Malthus for the twenty-first century (PDF)
Population and Development Review 24(2): 309-316
Publication date: 1998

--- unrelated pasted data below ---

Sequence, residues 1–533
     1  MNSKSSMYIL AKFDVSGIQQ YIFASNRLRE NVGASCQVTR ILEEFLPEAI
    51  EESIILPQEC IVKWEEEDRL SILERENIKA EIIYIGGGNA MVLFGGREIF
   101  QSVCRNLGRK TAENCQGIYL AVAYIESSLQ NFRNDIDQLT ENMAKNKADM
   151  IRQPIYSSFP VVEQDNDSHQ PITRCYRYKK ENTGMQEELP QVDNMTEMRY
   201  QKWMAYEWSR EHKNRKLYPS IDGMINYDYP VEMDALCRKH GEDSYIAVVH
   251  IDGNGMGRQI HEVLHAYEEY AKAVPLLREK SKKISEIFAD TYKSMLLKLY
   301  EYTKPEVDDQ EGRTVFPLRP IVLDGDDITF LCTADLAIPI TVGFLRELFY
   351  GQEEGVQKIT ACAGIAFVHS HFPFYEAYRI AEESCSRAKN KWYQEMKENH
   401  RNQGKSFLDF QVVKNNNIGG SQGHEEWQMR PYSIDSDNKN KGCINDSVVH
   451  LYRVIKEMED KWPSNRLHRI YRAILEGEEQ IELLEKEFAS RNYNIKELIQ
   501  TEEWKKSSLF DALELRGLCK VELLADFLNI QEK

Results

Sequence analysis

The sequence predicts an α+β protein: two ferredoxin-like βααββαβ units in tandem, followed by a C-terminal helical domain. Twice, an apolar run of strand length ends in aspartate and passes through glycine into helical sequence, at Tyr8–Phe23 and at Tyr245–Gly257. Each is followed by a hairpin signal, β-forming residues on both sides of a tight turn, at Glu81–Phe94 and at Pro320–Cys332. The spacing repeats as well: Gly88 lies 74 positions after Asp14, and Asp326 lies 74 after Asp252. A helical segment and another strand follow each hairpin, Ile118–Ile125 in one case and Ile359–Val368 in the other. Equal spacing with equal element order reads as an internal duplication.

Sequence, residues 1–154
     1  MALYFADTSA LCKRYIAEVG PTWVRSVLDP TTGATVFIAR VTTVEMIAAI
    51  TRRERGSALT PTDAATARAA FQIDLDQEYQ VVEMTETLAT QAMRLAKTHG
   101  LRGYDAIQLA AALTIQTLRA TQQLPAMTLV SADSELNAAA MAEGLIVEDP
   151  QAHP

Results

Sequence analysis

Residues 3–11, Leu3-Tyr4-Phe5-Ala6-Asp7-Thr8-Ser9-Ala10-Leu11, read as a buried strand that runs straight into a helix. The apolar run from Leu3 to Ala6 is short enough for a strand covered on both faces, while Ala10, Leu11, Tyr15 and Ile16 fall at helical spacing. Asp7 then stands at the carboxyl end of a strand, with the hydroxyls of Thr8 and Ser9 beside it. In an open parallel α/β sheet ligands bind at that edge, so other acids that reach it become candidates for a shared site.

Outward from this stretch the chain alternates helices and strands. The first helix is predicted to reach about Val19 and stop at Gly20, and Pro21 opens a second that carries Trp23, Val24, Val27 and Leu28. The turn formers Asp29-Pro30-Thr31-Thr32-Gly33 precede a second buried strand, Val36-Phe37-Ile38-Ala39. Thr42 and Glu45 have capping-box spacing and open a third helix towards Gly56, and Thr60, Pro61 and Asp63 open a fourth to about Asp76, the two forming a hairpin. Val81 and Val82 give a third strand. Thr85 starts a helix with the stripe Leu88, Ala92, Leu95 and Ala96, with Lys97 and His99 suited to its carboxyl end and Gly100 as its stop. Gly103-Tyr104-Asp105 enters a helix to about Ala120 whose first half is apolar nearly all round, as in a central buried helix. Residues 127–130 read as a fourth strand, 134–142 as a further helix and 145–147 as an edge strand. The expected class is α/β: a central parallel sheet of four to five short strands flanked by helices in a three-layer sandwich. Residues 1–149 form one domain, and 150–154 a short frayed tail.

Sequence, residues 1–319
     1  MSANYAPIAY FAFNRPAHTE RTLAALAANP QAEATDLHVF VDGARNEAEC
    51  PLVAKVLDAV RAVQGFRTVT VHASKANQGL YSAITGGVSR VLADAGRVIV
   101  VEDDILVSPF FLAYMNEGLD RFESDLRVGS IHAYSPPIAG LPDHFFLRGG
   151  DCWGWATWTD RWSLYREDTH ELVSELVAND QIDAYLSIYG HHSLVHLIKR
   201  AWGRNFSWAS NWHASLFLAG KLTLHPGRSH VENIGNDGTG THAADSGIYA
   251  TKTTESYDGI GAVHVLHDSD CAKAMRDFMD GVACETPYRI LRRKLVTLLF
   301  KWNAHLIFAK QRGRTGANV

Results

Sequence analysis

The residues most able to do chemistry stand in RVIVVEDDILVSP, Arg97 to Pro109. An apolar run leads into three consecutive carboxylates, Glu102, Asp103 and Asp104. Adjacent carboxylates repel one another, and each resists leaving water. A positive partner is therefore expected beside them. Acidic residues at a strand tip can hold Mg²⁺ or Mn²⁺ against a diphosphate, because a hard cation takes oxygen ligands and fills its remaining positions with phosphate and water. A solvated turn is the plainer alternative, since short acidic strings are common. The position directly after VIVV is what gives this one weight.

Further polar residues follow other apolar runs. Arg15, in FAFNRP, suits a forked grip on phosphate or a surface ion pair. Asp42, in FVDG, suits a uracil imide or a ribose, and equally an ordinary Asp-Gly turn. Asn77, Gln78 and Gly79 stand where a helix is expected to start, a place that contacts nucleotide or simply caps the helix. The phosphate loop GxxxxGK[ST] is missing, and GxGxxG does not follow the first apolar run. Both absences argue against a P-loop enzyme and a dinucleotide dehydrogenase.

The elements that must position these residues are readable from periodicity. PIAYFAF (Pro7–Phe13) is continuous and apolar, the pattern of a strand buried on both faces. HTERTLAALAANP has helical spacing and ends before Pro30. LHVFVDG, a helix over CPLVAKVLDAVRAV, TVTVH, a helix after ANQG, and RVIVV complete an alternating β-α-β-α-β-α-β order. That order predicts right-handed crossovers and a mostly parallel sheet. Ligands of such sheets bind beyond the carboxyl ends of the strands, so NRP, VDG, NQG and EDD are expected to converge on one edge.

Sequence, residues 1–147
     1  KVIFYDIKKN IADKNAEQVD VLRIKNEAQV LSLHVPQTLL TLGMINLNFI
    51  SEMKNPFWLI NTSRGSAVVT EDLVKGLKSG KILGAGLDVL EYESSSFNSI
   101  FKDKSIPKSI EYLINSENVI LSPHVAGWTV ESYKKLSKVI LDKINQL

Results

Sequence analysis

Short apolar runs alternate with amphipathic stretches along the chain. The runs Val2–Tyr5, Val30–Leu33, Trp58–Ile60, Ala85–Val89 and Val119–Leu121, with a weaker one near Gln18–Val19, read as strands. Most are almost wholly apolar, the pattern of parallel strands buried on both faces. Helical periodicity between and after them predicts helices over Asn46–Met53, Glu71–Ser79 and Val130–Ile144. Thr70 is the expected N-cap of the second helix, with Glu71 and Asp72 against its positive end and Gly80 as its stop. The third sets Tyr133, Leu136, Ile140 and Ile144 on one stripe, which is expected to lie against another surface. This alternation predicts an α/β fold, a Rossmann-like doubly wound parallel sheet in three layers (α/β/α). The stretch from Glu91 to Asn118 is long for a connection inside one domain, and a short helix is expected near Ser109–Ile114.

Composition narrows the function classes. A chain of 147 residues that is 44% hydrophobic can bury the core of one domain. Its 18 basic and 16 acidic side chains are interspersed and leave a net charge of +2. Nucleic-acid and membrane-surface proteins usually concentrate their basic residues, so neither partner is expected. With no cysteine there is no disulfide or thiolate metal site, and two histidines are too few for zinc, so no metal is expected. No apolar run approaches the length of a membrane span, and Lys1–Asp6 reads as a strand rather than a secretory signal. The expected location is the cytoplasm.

Should Malthus be retired, the alarms set out in his Essay on Population (first published 200 years ago) having been noted and acted upon, even though belatedly and by "vice" rather than prudence? Arguably no: much of his thinking retains current relevance, both where it seems on target and where it is blinkered. Examples are Malthus on the state and society, on distribution, and on nature. Civil and political liberty and a fairly minimalist state (public education favored, social security not) was his recipe for prosperity--still relevant for today's impoverished states and predatory regimes. The notorious 1803 passage on "nature's feast" might find echoes in the present international system. And Malthus's treatment of the exploitation of nature as an economic not an aesthetic or ethical matter has many modern parallels. In an Essay transposed to the present, just as Malthus paid little attention to the stirrings of industrial revolution in his time, we may ourselves be blind to the social, technological, and environmental forces that will shape the economic and demographic course of the next century.
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